what is telemedicine

Telemedicine has been around for over a century and continues to play an important role in our healthcare system. Now, more than ever due to many people around the world being encouraged to stay at home, telemedicine has become one of the primary ways for physicians to communicate with their patients in order to prevent the spread of COVID-19. But what is telemedicine, exactly? While many types of patients need to be physically seen by a doctor to obtain a diagnosis or be treated, often routine questions or check-ups can be completed by video conference, pictures sent through secure messages, phone conversations, or even texts.

 

What is Telemedicine?

In 1879 an article in the Lancet discussed the idea of using the telephone to reduce unnecessary medical office visits. In 1925, a magazine entitled Science and Invention told a story of a doctor diagnosing a patient by radio, and even further discussed the idea of one day being able to have a patient consult through video conference. It’s incredible to think that the idea of telemedicine has been around for so long, to make healthcare easier for both healthcare providers and patients. Throughout the years people have been discussing routine problems with nurses or doctors over the phone and debating if it’s necessary to come in to be seen at the office. If those with chronic disease or even a terminal disease can manage from home and still get the medical care and attention they need, most people feel more comfortable being able to do so. About 75% of healthcare expenditures are from the 100 million Americans who have chronic disease.

The American Medical Association (AMA) conducted a study in 2016 to assess physician’s motivations for using telehealth. This study showed an increase in physician usage from 14% in 2016 to 28% in 2019. While still recognizing that there are many barriers to telehealth, such as being reimbursed by insurance, interstate licensure challenges, legal and regulatory issues, and concerns for security and privacy, the AMA continues to provide resources for health care providers who wish to implement telemedicine and update their policies to work with these barriers.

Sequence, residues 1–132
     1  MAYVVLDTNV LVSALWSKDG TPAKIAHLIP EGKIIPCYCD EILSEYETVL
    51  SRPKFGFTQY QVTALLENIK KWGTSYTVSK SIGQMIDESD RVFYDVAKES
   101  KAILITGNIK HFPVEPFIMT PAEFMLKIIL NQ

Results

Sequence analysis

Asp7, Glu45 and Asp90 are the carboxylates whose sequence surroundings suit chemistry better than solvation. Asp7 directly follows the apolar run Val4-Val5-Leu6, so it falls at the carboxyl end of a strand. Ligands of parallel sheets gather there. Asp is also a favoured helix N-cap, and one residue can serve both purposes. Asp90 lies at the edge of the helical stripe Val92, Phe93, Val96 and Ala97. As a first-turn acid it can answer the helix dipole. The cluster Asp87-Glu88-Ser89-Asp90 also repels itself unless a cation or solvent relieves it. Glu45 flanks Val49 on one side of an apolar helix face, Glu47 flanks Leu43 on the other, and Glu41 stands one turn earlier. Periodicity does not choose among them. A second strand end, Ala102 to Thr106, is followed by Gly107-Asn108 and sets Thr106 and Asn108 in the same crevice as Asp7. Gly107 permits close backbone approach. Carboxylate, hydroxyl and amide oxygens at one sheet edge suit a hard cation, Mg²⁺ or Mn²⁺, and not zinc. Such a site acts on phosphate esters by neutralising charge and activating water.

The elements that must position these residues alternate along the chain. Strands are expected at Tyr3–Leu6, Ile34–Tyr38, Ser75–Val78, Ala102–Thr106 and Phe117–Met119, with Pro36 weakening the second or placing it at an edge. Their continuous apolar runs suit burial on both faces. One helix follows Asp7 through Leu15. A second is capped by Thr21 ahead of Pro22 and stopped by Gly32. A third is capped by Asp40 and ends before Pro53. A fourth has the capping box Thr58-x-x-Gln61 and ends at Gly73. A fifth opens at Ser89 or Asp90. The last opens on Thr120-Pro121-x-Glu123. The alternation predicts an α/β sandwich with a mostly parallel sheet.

Genetic Counseling & Telemedicine

As the demand for genetic counseling services increases across the nation, the utilization of telemedicine is becoming more common to allow expanded access to genetic services for a variety of patients. Many clinics who are unable to physically have a genetic counselor present to provide care to their patients are utilizing telemedicine. One study from the Journal of Genetic Counseling showed that medical institutions were the most common program setting that utilizes telemedicine for genetic services, and that prenatal and cancer genetic services were the most common services provided through telemedicine.

Especially during this time of the spread of COVID-19, telemedicine and genetic counseling is becoming a priority. The National Society of Genetic Counselors (NSGC) has been working to provide patients with better access to genetic counselors during this time, but hopefully also for the future. The largest barrier for genetic counseling and telemedicine is reimbursement for services. Due to the spread of COVID-19, the Center for Medicaid and Medicare Services has relaxed their telemedicine and licensure regulations to help reduce the spread of the virus. Unfortunately, this does not cover access to genetic counselors. NSGC is working with Congress to allow all patients access to genetic counselors through the use of telemedicine.

Genetic testing can be a huge component in the healthcare of patients, as it can provide options during pregnancy, access to clinic trials in cancer treatment, and information for family members, only to name a few. Hopefully this will further allow access to genetic counselors not just during this time but in the future.

 

How Telemedicine Can Help You

Advanced Tele-Genetic Counseling is a telemedicine company that allows genetic counselors to access patients that would otherwise not be able to see a genetic counselor. If you are interested in speaking with a genetic counselor, please contact us to set up an appointment.

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